[lg policy] Workshop: Word Stress: Dialectal Variation and Perception
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Sat Jul 14 15:15:19 UTC 2012
Workshop: Word Stress: Dialectal Variation and Perception
Date: 22-Jul-2013 - 27-Jul-2013
Location: Geneva, Switzerland
Contact Person: Agnes Kolmer
Meeting Email: < click here to access email >
Web Site: http://www.cil19.org/en/workshops/word-stress-dialectal-variation-and-perception/
Linguistic Field(s): Cognitive Science; Language Acquisition;
Phonetics; Phonology; Sociolinguistics
Call Deadline: 15-Aug-2012
Typological studies have provided a great deal of information about
word accentual patterns in the languages of the world (cf. van der
Hulst / Godemans / van Zanten eds. 2010 and the database StressTyp),
but there is a lack of knowledge on comparative word stress studies in
dialects. The aim of the workshop is to bring together experts from
different disciplines, namely phonology, phonetics and variational
linguistics, to discuss phonological and phonetic aspects of word
stress from a variationist and cognitive perspective.
Questions intimately connected with this issue are the following:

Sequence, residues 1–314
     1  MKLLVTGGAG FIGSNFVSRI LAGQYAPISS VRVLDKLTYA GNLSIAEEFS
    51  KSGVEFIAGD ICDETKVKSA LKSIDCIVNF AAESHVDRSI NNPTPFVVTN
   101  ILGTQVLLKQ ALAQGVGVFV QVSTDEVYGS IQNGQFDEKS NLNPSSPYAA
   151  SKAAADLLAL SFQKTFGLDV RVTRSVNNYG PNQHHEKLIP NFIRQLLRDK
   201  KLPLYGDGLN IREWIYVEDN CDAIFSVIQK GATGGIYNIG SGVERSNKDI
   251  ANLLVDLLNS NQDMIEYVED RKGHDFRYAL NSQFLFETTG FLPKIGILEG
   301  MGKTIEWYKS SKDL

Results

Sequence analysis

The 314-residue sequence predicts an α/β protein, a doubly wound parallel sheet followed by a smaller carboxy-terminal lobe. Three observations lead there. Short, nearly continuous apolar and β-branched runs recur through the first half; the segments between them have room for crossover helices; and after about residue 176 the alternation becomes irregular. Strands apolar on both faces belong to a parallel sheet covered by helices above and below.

- What are the existing dialectal differences in stress?
- To what extent do differences in speech rhythm and/or segmental
structure correlate with differences in the production and perception
of word stress?
- How does dialectal stress variability develop?
- Does language contact play a role in dialectal use of stress?
- In what way are we confronted with conservative and/or innovative
traits of the language under examination?
- How does L1 background influence the perception of stress variability?
Aspects of language acquisition (both first and second language
acquisition) can also be included. The workshop targets to present
studies of variation in word stress in a wide range of languages and
2nd Call for Papers:
The call deadline has been extended to 15 August 2012.
The workshop will contain presentations by a few invited speakers,
among them Harry van der Hulst (University of Delaware), but
opportunity will be provided for additional speakers. Contributors may
submit an anonymous extended abstract (max. 3 pages) in English,
containing the title of the talk, keywords and references. All
abstracts will be reviewed anonymously by two members of the
Access to abstract submission via:
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